A new approach to understanding cultural and ethnic identity in 1st Century Judea, with reference to the form of Judaism presupposed by the Q document.
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Available as: Paperback, PDF
Specifications: 229x153mm (9x6in), 404pp
Published: March 2010
Published: February 2015
New Testament scholarship lacks an overall interpretive framework in which to understand Judean identity. This lack of interpretive framework is quite acute in scholarship on the historical Jesus, where the issue of Judeanness ("Jewishness") is most strongly debated. A socio-cultural model of Judean ethnicity is developed, being a synthesis of (1) Sanders' notion of covenantal nomism, (2) Berger and Luckmann's theories on the sociology of knowledge, (3) Dunn's "four pillars of Second Temple Judaism" and his "new perspective" on Paul, (4) cultural or social anthropology in the form of modern ethnicity theory, and lastly, (5) Duling's Socio-Cultural Model of Ethnicity.
The proposed model is termed Covenantal Nomism. It is a pictorial representation of the Judean "symbolic universe", which as an ethnic identity, is proposed to be essentially primordialist. The model is given appropriate content by investigating what would have been typical of first-century Judean ethnic identity. It is also argued that there existed a fundamental continuity between Judea and Galilee, as Galileans were ethnic Judeans themselves and they lived on the ancestral land of Israel. Attention is lastly focused on the matter of ethnic identity in Q. The Q people were given an eschatological Judean identity based on their commitment to Jesus and the requirements of the kingdom of God.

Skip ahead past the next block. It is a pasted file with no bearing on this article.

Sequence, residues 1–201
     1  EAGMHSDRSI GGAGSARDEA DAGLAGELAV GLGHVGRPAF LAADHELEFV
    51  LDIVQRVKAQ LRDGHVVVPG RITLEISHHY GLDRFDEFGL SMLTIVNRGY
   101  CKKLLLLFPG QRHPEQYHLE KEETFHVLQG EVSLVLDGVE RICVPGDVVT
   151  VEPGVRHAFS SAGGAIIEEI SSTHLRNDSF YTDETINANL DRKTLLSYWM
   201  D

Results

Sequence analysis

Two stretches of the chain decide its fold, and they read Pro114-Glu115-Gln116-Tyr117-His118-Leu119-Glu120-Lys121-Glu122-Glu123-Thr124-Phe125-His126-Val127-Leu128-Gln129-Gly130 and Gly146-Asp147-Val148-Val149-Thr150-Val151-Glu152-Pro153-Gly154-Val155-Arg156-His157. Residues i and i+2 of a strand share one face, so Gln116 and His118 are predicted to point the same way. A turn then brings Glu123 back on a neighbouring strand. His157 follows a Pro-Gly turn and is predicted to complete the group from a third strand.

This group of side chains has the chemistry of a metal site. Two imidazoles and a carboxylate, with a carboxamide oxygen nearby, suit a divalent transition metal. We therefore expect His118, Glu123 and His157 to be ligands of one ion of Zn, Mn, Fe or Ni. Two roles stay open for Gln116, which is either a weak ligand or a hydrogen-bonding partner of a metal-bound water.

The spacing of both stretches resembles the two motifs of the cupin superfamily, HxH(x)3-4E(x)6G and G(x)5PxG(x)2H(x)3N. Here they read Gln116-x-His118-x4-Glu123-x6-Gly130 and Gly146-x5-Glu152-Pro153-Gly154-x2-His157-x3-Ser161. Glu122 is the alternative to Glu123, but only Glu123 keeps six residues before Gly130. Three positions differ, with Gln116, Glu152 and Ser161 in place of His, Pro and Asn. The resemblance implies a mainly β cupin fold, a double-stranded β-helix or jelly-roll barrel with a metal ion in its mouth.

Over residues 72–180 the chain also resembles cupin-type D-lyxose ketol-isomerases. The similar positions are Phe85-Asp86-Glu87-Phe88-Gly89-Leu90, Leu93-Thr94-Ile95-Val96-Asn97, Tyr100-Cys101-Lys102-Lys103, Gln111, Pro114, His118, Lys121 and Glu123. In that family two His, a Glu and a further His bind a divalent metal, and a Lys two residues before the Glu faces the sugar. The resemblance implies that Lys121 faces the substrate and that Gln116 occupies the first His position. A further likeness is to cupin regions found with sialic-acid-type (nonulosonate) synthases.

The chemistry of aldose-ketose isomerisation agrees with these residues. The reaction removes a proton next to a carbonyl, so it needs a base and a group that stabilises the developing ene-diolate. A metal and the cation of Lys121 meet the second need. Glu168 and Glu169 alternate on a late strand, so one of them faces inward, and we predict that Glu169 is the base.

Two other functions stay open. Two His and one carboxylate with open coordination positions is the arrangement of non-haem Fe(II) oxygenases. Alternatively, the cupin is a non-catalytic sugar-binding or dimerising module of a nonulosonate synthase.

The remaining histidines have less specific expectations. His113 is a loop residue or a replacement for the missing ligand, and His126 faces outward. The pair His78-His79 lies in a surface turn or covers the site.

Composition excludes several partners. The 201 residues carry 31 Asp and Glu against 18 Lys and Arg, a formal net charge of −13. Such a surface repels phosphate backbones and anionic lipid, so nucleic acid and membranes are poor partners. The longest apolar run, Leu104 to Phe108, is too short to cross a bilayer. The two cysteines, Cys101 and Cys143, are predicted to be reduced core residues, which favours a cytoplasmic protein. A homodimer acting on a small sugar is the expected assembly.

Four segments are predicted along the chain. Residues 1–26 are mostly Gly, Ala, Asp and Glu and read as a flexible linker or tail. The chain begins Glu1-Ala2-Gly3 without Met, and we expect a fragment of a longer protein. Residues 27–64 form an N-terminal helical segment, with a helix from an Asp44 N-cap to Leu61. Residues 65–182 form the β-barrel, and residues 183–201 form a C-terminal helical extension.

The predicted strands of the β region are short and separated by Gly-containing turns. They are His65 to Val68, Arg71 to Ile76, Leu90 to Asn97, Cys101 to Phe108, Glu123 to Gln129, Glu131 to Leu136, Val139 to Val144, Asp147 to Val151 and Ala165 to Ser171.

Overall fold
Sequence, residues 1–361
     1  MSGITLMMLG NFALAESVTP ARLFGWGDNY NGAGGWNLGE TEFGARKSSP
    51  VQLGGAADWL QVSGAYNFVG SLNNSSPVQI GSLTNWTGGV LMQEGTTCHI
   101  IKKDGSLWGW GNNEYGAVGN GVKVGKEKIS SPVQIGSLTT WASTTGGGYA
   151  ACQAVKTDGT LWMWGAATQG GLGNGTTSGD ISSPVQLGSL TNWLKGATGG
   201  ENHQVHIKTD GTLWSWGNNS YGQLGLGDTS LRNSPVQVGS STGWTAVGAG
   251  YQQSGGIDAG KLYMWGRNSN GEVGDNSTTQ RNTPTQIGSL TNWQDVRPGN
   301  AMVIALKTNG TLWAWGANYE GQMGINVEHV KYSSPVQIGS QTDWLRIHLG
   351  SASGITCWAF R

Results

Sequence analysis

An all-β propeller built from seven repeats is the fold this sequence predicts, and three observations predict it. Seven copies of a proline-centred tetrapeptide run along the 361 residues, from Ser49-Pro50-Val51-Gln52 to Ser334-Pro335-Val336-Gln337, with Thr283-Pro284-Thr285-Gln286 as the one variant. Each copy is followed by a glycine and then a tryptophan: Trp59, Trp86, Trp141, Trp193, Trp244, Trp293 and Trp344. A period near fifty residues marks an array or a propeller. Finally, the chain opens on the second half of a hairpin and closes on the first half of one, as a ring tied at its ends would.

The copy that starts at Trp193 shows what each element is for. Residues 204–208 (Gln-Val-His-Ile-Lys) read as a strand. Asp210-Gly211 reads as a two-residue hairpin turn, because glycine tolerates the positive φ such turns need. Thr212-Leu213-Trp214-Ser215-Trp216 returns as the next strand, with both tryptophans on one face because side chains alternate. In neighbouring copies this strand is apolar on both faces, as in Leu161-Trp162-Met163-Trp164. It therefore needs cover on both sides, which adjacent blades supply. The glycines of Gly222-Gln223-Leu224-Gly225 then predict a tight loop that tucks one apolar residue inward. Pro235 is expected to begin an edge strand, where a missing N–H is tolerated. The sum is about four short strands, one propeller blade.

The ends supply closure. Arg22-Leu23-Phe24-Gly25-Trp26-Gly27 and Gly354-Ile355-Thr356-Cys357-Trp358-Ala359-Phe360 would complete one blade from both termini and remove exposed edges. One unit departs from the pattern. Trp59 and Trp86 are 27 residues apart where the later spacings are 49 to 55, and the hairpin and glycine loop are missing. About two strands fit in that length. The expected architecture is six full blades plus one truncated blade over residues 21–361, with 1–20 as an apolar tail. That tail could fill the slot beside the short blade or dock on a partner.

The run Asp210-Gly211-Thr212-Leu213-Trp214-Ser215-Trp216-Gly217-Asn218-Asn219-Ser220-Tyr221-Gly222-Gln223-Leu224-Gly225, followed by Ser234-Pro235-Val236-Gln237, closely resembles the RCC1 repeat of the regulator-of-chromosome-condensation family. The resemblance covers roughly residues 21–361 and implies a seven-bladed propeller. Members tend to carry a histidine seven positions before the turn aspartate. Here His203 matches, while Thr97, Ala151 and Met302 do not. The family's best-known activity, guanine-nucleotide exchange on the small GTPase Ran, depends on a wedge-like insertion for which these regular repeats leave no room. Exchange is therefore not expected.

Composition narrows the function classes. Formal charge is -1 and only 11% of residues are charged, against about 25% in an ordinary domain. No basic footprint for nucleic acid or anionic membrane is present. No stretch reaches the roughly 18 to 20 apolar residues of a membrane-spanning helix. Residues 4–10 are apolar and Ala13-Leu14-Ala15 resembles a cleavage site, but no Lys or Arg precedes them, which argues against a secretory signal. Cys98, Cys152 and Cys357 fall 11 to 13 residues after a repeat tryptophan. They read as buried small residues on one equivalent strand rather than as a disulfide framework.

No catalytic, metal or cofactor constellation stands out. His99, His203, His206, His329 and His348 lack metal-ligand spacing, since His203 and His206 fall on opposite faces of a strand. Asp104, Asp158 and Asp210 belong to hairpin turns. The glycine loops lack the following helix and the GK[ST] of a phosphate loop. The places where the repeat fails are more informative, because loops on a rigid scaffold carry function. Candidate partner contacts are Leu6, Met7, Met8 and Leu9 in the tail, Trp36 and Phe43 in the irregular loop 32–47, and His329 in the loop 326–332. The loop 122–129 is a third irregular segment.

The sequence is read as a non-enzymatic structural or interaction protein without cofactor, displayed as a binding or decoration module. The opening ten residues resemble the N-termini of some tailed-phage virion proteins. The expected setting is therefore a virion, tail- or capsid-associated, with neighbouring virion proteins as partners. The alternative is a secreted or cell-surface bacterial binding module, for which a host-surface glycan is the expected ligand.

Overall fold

1. Identifying the Problem
2. A Socio-Cultural Model of Judean Ethnicity
3. Judean Ethnicity in the First Century CE
4. Who Were the Galileans?
5. Judean Ethnicity in Q
Markus Cromhout is a research associate in the Department of New Testament Studies, University of Pretoria.
Splendidly conceived, sophisticated in its argument, and important in its conclusions John S. Kloppenborg, University of Toronto
His study engages modern scholarship, is well organized, and eminently readable. Both advanced scholars and discerning students will benefit greatly from Cromhout's synthesis. Dennis C. Duling, Canisius College